- Commentary Critical Reflections and Future Action
- Politics, Policy, and Music Education
- Instrumental Teachers and Their Students: Who's in the Driver's Seat?
- University Professors and the Entrepreneurial Spirit
- Pride and Professionalism in Music Education
- Pondering the Grand Experiment in Public Music Education
- Music Education and Some of Its Subfields: Thoughts about Future Priorities
- Music Education: An Unanswered Question
- Improving Primary Teaching: Minding the Gap
- International Music Education: Setting up a Global Information System
- The Responsibility of Research in Defining the Profession of Music Education
- Constructing Communities of Scholarship in Music Education
- Internationalizing Music Education
- Emotion in Music Education
- Music Education from a Slightly Outside Perspective
- Research Issues in Personal Music Identification
- Preparation, Perseverance, and Performance in Music: Views from a Program of Educational Psychology Research
- Music Therapy in Schools: An Expansion of Traditional Practice
- Embracing New Digital Technologies: Now and into the Future
- Challenges for Research and Practices of Music Education
- All Theoried Up and Nowhere to Go
- Make Research, Not War: Methodologies and Music Education Research
- The Preparation of Music Teacher Educators: A Critical Link
- Music and the Arts: As Ubiquitous and Fundamental as the Air We Breathe
- There is Nothing Complex about a Correlation Coefficient
- Dewey's Bastards: Music, Meaning, and Politics
Abstract and Keywords
This article suggests the music teacher educators have failed their students over the years by not doing more to teach them about systematic inquiry. Professional curiosity has not been encouraged in novice teachers. It suggests that weaving the research mindset into music education instruction could have made a difference in the way research impacts on practice today.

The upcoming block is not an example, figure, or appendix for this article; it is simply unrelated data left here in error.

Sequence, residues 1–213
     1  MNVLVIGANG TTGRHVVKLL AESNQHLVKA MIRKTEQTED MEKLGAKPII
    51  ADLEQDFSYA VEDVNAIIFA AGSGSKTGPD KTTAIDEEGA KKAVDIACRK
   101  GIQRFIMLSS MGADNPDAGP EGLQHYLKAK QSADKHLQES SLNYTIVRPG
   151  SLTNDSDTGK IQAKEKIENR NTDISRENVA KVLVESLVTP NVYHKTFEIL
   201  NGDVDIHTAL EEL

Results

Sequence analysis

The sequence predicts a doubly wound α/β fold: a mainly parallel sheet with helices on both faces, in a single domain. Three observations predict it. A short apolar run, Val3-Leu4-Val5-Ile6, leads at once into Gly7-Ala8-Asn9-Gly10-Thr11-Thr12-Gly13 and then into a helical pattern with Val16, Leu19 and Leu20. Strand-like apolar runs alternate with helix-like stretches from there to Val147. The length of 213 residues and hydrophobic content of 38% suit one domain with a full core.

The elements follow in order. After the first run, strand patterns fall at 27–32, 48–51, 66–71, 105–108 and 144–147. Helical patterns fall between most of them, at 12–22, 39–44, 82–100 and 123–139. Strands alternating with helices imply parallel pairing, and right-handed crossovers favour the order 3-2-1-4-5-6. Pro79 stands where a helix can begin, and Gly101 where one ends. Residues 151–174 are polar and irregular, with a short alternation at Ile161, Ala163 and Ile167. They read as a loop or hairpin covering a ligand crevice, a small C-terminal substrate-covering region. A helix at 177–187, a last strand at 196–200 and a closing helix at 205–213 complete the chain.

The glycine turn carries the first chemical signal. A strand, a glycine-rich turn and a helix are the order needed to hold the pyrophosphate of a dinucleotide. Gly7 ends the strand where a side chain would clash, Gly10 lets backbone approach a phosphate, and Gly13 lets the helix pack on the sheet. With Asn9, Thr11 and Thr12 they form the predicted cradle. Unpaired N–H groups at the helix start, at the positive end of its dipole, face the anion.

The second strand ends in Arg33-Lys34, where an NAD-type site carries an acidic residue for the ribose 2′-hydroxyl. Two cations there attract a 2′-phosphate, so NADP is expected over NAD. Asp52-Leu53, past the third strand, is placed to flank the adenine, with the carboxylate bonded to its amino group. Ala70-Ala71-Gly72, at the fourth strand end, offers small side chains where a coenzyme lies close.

Peter R. Webster holds master-s and doctoral degrees in music education from the Eastman School of Music. His teaching as a professor at Northwestern University includes responsibilities for courses in philosophy of music education, graduate research, music technology, assessment, and creative thinking in music. He supervises the doctoral program in music education. He has presented at many state, national, and international meetings and is a frequent keynote speaker. His published work includes over 70 articles and book chapters on technology, music cognition, and creative thinking in music which have appeared in journals and handbooks in and outside of music. He is an editorial board member for several prestigious journals and has severed as an editor for several projects. Webster is co-author of Experiencing Music Technology, 3rd edition Update (Cengage/Schirmer, 2008). He is the author of Measures of Creative Thinking in Music, an exploratory tool for assessing music thinking using quasi-improvisational tasks.
Access to the complete content on Oxford Handbooks Online requires a subscription or purchase. Public users are able to search the site and view the abstracts and keywords for each book and chapter without a subscription.
If you have purchased a print title that contains an access token, please see the token for information about how to register your code.